Another interesting thing of note is that panic exists in small, dense pockets. If I didn’t have internet, and hadn’t gone to the grocery store only to find that all the shopping carts were in use at once, I might not know there was an apocalypse on. If I hadn’t seen empty store shelves and talked with friends who work in retail, I wouldn’t know that supplies were getting low. It’s quite possible to live, happily ignorant of panic, if you don’t know what’s happening (I already sort of knew this, after a tornado hit five miles north of my house about ten years back, and I just thought we were having a bad thunderstorm until my brother mentioned it had gone right past his workplace).

We’re so used to living in an interconnected world that it’s easy to forget: all that information comes through your eyes and ears. If you don’t see or hear it, it may as well have never happened. Even if it comes through the internet; you had to watch that video or read that article to know what’s going on, no matter how detached you feel from the actual situation.

This is important for continuity and realism in stories, especially if it’s pre-modern. You might have a gigantic battle in this valley, but unless the shepherd in the next valley hears the fighting or wonders why the vultures are circling and goes to investigate, he might never realize a bunch of dudes were killing each other.

Your characters are not omniscient (usually) and they don’t all know the same things. Poor communication, or simply talking past each other, is great for conflict. And if they’re in an intense situation, even simple information might not make it through the fog of adrenaline.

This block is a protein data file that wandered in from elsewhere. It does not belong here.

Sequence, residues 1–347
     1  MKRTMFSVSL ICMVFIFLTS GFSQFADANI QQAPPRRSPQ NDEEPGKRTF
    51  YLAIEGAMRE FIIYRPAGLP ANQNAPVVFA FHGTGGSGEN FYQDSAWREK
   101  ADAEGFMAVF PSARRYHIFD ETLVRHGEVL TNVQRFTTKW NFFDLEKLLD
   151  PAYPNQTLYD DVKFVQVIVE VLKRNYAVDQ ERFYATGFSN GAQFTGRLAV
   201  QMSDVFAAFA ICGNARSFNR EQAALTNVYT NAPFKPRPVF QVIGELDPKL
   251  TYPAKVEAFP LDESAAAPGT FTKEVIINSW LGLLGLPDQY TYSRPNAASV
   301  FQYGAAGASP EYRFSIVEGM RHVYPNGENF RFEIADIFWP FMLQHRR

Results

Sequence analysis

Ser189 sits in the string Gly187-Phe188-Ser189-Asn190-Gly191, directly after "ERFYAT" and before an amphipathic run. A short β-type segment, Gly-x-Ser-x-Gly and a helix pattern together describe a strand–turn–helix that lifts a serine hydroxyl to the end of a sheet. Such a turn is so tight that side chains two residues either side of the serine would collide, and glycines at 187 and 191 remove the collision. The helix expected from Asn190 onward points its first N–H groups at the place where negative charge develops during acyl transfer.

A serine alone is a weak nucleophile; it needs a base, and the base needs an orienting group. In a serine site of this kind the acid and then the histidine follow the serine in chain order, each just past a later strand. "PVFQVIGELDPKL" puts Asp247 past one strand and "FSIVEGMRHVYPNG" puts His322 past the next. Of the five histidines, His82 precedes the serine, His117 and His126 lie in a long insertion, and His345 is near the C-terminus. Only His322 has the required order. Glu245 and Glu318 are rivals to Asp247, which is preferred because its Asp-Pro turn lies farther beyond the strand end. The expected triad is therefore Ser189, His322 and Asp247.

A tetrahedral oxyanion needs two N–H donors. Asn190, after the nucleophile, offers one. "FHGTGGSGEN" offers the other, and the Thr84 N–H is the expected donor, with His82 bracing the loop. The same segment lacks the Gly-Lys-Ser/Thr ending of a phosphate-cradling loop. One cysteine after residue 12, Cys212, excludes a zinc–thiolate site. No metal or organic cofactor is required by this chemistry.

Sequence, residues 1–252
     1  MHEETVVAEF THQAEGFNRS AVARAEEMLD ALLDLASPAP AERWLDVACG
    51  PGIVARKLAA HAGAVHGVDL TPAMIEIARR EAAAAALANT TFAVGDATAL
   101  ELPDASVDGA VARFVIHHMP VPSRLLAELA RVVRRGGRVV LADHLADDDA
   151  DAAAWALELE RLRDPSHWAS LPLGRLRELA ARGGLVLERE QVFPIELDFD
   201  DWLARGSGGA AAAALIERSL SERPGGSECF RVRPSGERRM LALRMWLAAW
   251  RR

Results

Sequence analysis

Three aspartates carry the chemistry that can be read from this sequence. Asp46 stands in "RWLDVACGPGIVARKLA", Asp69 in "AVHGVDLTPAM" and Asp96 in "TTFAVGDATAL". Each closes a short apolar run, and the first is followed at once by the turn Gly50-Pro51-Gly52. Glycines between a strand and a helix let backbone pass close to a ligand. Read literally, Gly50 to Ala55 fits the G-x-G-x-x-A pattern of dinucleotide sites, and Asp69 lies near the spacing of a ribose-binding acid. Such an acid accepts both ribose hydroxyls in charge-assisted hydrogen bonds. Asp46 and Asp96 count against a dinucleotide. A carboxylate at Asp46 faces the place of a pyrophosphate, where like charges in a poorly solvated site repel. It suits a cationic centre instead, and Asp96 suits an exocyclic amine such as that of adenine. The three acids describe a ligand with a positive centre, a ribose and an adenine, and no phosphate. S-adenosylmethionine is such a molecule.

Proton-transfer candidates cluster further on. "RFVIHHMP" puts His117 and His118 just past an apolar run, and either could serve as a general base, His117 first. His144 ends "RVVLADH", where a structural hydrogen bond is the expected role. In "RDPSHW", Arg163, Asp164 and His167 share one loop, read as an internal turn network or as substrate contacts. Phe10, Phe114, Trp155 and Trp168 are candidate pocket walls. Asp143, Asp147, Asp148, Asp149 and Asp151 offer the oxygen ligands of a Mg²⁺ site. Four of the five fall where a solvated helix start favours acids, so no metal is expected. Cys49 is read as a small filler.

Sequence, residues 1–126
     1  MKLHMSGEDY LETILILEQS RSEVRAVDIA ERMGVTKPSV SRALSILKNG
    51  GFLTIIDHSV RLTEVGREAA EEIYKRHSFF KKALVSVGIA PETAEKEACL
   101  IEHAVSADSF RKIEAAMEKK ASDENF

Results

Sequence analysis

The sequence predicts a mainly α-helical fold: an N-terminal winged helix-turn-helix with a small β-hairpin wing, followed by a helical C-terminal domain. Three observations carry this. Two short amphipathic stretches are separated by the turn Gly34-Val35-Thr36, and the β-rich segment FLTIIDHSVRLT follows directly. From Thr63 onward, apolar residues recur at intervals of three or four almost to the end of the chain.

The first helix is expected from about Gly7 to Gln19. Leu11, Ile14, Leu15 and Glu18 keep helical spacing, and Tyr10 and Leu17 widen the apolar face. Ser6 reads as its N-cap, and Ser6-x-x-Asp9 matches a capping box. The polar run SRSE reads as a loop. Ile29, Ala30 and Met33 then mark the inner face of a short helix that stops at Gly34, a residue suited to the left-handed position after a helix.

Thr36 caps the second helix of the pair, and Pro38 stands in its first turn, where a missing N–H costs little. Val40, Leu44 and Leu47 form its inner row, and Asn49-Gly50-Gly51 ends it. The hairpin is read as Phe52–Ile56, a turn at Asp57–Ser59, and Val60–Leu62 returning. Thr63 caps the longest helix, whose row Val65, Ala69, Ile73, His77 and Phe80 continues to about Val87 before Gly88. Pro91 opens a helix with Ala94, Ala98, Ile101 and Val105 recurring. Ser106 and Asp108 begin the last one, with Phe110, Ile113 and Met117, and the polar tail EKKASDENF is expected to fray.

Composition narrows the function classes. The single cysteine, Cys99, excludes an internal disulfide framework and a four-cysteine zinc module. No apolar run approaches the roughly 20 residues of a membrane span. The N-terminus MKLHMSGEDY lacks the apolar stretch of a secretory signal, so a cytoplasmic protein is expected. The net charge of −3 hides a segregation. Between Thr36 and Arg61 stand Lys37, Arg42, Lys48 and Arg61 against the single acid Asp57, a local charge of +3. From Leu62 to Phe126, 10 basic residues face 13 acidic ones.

If you want to avoid this, to stop the story getting bogged down, make your characters train and practice for intense situations. Some people are naturally and culturally prone to hysteria, but anyone can be trained out of the tendency. Eventually. And with varying success.

But poor communication, fog of war, and the limited spread of panic make for excellent conflicts- the meat of the story. Use that to your advantage, dear writer.

 

Supply chains are fragile, unless you purposely make them robust. As I write this, the grocery store in my upper-middle class suburb has almost no milk on the shelves. Milk. The cows are still giving milk, and the drivers are still delivering it, but because everyone grabbed a second gallon, ‘just in case!’ there’s none left.

Most readers, even if they haven’t experienced The End of the World! see shortages as a sign of crisis. Add an empty shelf or a starving army into your story as shorthand for ‘things are going badly.’ How your characters react is up to you.